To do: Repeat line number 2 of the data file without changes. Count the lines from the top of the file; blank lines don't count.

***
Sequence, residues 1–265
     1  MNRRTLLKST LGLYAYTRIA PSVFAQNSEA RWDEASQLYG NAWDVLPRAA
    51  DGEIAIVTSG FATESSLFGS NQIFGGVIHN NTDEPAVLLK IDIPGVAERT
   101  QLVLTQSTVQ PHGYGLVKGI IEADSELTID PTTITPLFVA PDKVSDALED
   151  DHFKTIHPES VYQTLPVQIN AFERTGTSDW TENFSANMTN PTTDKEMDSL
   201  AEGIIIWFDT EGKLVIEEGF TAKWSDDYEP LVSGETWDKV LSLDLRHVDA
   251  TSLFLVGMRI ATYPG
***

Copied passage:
     1  MNRRTLLKST LGLYAYTRIA PSVFAQNSEA RWDEASQLYG NAWDVLPRAA